If we look at the first-ever successful ECI, called ‘Right to Water’, the legislative proposal responding to the ECI was announced at the beginning of February this year, whereas the ECI organisers submitted their statements of support at the end of 2013.
The timing of legislative change does of course depend on a variety of factors, and the Commission has undertaken other non-legislative actions in response to this ECI in the meantime, but over 4 years is nonetheless a long time for citizens to feel that their efforts had a direct legal impact.
On the other end of the scale, the last ECI that collected more than a million signatures - the ‘Ban glyphosate’ initiative - was declared successful at the end of 2017, and the Commission responded promptly with a set of proposals, both of a legislative and non-legislative nature.
Although the Commission did not agree with the organisers’ demand that the active substance glyphosate should be banned, it did announce that it will present a legislative proposal next month, with a view to improving transparency in scientific assessments and decision-making in the food chain. In preparation, the Commission organised a public consultation at the start of this year.
Given the experience of my Office with complaints relating to the EU risk assessment model, I decided to submit a contribution suggesting three guiding principles for improving the EU’s risk assessment independence, transparency, and meaningful engagement with stakeholders and the wider public.
These three principles are also applicable to the Commission’s handling of ECIs and informed the guidelines and suggestions for improvements that I made following my 2015 ECI inquiry, and in the contribution I submitted to last year’s public consultation.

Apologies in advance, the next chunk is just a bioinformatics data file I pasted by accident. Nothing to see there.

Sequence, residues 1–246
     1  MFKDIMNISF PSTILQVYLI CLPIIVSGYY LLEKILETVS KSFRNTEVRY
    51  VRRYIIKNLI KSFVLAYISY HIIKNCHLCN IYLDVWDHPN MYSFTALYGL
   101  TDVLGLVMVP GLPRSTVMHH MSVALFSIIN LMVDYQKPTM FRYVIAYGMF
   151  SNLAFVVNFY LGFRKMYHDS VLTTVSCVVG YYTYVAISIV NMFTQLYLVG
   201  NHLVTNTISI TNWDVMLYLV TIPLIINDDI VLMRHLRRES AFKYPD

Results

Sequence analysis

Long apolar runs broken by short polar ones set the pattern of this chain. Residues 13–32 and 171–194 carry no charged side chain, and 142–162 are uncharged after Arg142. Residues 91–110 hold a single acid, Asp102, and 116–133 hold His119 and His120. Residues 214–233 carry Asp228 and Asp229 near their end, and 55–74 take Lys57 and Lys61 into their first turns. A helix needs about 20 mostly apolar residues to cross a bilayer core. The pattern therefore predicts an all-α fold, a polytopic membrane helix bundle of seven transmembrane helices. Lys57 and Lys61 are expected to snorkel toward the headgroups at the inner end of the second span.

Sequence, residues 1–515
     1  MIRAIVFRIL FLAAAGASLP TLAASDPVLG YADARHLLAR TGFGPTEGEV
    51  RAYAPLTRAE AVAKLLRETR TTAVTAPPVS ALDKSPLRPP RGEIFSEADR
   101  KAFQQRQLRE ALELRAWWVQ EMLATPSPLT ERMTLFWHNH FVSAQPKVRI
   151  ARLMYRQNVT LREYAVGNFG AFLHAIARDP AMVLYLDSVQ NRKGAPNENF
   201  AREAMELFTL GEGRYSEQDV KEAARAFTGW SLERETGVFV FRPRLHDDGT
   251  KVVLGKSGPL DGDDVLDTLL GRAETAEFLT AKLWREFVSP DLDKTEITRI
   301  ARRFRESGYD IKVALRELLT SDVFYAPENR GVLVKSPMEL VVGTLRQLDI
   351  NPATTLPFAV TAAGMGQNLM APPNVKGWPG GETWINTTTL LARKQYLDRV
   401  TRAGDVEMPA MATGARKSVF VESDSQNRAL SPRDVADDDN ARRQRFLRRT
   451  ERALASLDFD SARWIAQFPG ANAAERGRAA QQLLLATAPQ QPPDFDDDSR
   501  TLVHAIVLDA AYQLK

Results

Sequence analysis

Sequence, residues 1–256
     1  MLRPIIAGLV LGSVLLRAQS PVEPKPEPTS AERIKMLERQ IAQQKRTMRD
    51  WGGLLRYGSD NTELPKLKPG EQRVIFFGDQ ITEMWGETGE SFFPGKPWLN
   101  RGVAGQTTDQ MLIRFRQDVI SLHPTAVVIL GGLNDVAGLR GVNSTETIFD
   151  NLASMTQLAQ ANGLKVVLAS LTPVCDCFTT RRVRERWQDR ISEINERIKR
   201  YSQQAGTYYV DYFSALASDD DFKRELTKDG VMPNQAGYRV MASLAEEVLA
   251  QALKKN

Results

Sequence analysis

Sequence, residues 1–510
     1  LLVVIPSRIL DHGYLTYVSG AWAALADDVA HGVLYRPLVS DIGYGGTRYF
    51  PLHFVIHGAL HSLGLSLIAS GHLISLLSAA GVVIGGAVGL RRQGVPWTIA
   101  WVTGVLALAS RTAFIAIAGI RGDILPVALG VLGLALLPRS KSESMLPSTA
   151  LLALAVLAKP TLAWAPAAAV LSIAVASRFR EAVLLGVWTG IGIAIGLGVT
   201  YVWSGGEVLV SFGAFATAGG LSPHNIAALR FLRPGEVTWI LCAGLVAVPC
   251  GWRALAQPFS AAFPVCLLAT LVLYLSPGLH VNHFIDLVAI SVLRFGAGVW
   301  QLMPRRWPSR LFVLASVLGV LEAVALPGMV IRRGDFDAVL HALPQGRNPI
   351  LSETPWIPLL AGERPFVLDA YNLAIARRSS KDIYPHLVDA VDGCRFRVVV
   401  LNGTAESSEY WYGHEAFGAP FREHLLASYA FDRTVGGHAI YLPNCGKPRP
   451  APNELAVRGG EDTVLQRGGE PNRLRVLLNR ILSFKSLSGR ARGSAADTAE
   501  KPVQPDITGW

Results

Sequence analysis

I am very pleased that those suggestions are largely addressed in the Commission’s revision proposal but I stress that continued public engagement and engagement with the organisers and potential organisers is the key to making a success of the ECI tool.
In this regard, I welcome today’s launch of the ‘Collaborative Platform’, with which the Commission is offering - at the initiative of the European Parliament - a space for ECI organisers, citizens, experts and the Commission to offer support and advice on organising ECIs.
My final point is in relation to the transparency of ECIs. It is crucial that the public is able to follow ECIs and that the instrument is seen as a tool for citizens. I therefore suggested that the Commission could do more to ensure that funding and sponsorship information declared by ECI organisers on its website is as accurate and comprehensive as possible and that any concerns in relation to this are enabled to be brought to its attention as currently happens with the Transparency Register through its alerts and complaints system.
In an era of gross online manipulation of the democratic process, we must protect the ECI from any possible abuse.
Once the co-legislators have decided on the outcome of the current revision, and when that new legislation is implemented, my Office will continue to look at how the revisions are followed in practice and deal with any complaints concerning the ECI procedure generally.
So once again thank you all for your input to my work in this area and thank you again to EESC for their important engagement and leadership in this vital issue for citizens.
Thank you for your attention.